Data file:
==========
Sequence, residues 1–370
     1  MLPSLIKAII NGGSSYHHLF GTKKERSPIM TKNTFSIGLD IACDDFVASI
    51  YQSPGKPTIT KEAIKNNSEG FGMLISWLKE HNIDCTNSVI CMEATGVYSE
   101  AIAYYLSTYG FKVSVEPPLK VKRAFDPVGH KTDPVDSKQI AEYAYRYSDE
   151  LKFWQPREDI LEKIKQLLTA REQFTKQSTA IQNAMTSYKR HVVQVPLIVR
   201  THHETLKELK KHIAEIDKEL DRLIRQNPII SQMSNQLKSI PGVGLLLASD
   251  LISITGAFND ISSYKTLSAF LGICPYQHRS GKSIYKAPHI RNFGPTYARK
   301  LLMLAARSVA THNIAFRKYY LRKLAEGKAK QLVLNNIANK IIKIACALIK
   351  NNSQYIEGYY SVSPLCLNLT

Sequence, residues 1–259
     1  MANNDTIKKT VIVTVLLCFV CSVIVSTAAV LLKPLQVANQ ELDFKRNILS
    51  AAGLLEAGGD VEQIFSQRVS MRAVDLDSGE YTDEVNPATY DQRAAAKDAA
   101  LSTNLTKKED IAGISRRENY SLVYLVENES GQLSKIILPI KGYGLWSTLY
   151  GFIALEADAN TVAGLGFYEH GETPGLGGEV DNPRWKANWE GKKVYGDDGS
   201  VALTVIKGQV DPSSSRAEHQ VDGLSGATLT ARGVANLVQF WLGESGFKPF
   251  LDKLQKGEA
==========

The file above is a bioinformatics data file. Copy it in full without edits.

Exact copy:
Sequence, residues 1–370
     1  MLPSLIKAII NGGSSYHHLF GTKKERSPIM TKNTFSIGLD IACDDFVASI
    51  YQSPGKPTIT KEAIKNNSEG FGMLISWLKE HNIDCTNSVI CMEATGVYSE
   101  AIAYYLSTYG FKVSVEPPLK VKRAFDPVGH KTDPVDSKQI AEYAYRYSDE
   151  LKFWQPREDI LEKIKQLLTA REQFTKQSTA IQNAMTSYKR HVVQVPLIVR
   201  THHETLKELK KHIAEIDKEL DRLIRQNPII SQMSNQLKSI PGVGLLLASD
   251  LISITGAFND ISSYKTLSAF LGICPYQHRS GKSIYKAPHI RNFGPTYARK
   301  LLMLAARSVA THNIAFRKYY LRKLAEGKAK QLVLNNIANK IIKIACALIK
   351  NNSQYIEGYY SVSPLCLNLT

Sequence, residues 1–259
     1  MANNDTIKKT VIVTVLLCFV CSVIVSTAAV LLKPLQVANQ ELDFKRNILS
    51  AAGLLEAGGD VEQIFSQRVS MRAVDLDSGE YTDEVNPATY DQRAAAKDAA
   101  LSTNLTKKED IAGISRRENY SLVYLVENES GQLSKIILPI KGYGLWSTLY
   151  GFIALEADAN TVAGLGFYEH GETPGLGGEV DNPRWKANWE GKKVYGDDGS
   201  VALTVIKGQV DPSSSRAEHQ VDGLSGATLT ARGVANLVQF WLGESGFKPF
   251  LDKLQKGEA